Author: Cassie Gasaway
We know what you’re thinking: “Anything small can be a stocking stuffer.”
True enough, but selling more small items requires creative sales and merchandising strategies.
Selling stocking stuffers helps clear your shelves of overstocked inventory before hunting season ends. Sure, you can arrange small items under a sign that simply says, “Stocking Stuffers,” but you can wow your customers and boost your sales with just a little extra work.
Shoppers like convenience, but Christmas shopping can be stressful. Therefore, ease their burden by eliminating the guesswork. The strategies below can excite shoppers, and help them have fun through easy, pain-free spending.
Sell pre-bundled stockings already filled with products. Photo Credit: Davis Enterprise
Strategy 1: Sell Bundled Stuffers
Bundling makes buying easier. Create and sell themed stuffer bundles with multiple items. Bundles attract customers who don’t know what to buy. Bundles also increase the items’ perceived value, which makes the bargain even more attractive.
Consider these themes and product suggestions to get started:
– Repair items: Bundle bow wax, fletching glue, Allen wrenches, and other repair items. Bowhunters might also like a bundle of broadheads, bow hangers, and lighted or replacement nocks.
– For tournament archers: Bundle an armguard, chest protector, and a release or finger sling.
– For the home: Feature archery or hunting decorations and knickknacks like Christmas ornaments, window decals, coffee mugs, photo frames, and deer-themed key holders.
– For hunting clothes: Bundle items that help bowhunters clean, organize, and keep their hunting clothes scent-free. This could include scent wafers, laundry detergents, storage bags, and small bottles of scent-killing sprays.
– For comfort and cleanliness: Bundle scent-free deodorant, shampoo, conditioners, body wash, face wipes, and face paint or a facemask. You could also include a hat, hand-warmers, and socks or gloves.
– For the woods: Bundle handy items for the woods or treestand, such as a saw or compass, or reflector tacks, portable charger, backup flashlight, flagging ribbon, pruning shears, grunt calls, hand-warmers, first-aid kits, screw-in steps, and wind-checking powder.
– After the kill: Bundle gloves, knife, deer-rectum tool, freezer-safe storage bags, and other butchering and meat-storage tools.
– For the table: Bundle a cookbook, meat spices, food thermometer, marinade ingredients, and sausage-making kits.
Create bins of different categories and values so that shoppers can mix and match items and create their own stocking bundle. Photo Credit: Archery Connection
Strategy 2: “Create Your Own” Stocking-Stuffers
Place similar-priced products in bins and let customers pick three, four or five items to create their own bundle. Include items for all ages and skills at different price points. Bundles can range from $15 to $50, or whatever range you choose, depending on which products you make available.
How does that work? Consider creating four bins. One bin has items $5 or less, like spices, a whistle, bow wax, deodorant, bow hangers, hand warmers, flagging ribbon, and screw-in steps. A second bin with $10 items could include calls, socks, shampoo, body wash, pruning shears, and coffee mugs. A third bin with $15 items could include knives, compasses, flashlights and face masks. And a fourth with $20 items could include broadheads, SD cards, first-aid kits, and hats and shirts.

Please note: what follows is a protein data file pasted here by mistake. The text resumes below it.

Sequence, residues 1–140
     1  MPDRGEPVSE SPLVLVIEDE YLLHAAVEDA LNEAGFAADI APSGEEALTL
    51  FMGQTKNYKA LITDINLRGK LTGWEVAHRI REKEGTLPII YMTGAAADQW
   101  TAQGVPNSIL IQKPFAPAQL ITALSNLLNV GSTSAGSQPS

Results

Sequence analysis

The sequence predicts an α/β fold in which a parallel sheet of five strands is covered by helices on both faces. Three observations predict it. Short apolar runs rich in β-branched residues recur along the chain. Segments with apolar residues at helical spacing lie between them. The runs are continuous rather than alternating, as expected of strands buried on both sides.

Customers who have $30 to spend could pick three items from the $10 bin, or six items from the $5-or-less bin, or any combination up to $30. Voilà! You just sold several items in one swoop.
That strategy also helps customers visualize how much they’ll spend as they make their choices, which makes shopping fun.
Strategy 3: Sell Dreamy Stocking Stuffers
Help your customers prove that big things come in small packages. They can’t stuff a bow, treestand, or 3D target into a stocking, but they can slip in a photo or clever note describing the gift. Highlight dreamy items like sights, range-finders, trail cameras, GoPros, Tactacams, and electronic scent-elimination devices. You could even sell them an ATV or electronic bike, and suggest they put the key in their loved one’s stocking.
Strategy 4: Gift Cards
If your customer is unsure or hesitant about your many options, recommend a gift card or certificate. These simple, convenient gifts help boost sales, and ensure archers get what they want for their setups. In fact, Gift Card Granny reports that 65% of gift-card holders spend an extra 38% beyond the card’s value. Display your gift cards on your countertop to entice buyers to include them as stocking-stuffer options.
Set up a tree or create other holiday inspired displays around your store. Photo Credit: ATA
Displays and Advertisements
Create attention-grabbing displays to maximize your holiday business. Clever, holiday-themed displays can highlight your stocking stuffers and trigger impulse sales. Include signage, and display the products so they look appealing from every angle. For more merchandising tips, click here and here.
Also advertise your offerings on your website and social-media accounts, and remember that videos and photos generate more attention than plain-text posts. Email your promotions, too. After all, email marketing is easy and effective.
And if you have time, create a gift guide. It can be a fantastic marketing tool that advertises specific items and outlines your stocking-stuffer options to pull customers into your store.
If you need help refining your holiday sales and selling techniques, contact Nicole Nash, ATA’s manager of range and retail programs, at firstname.lastname@example.org or (866) 266-2776, ext. 116.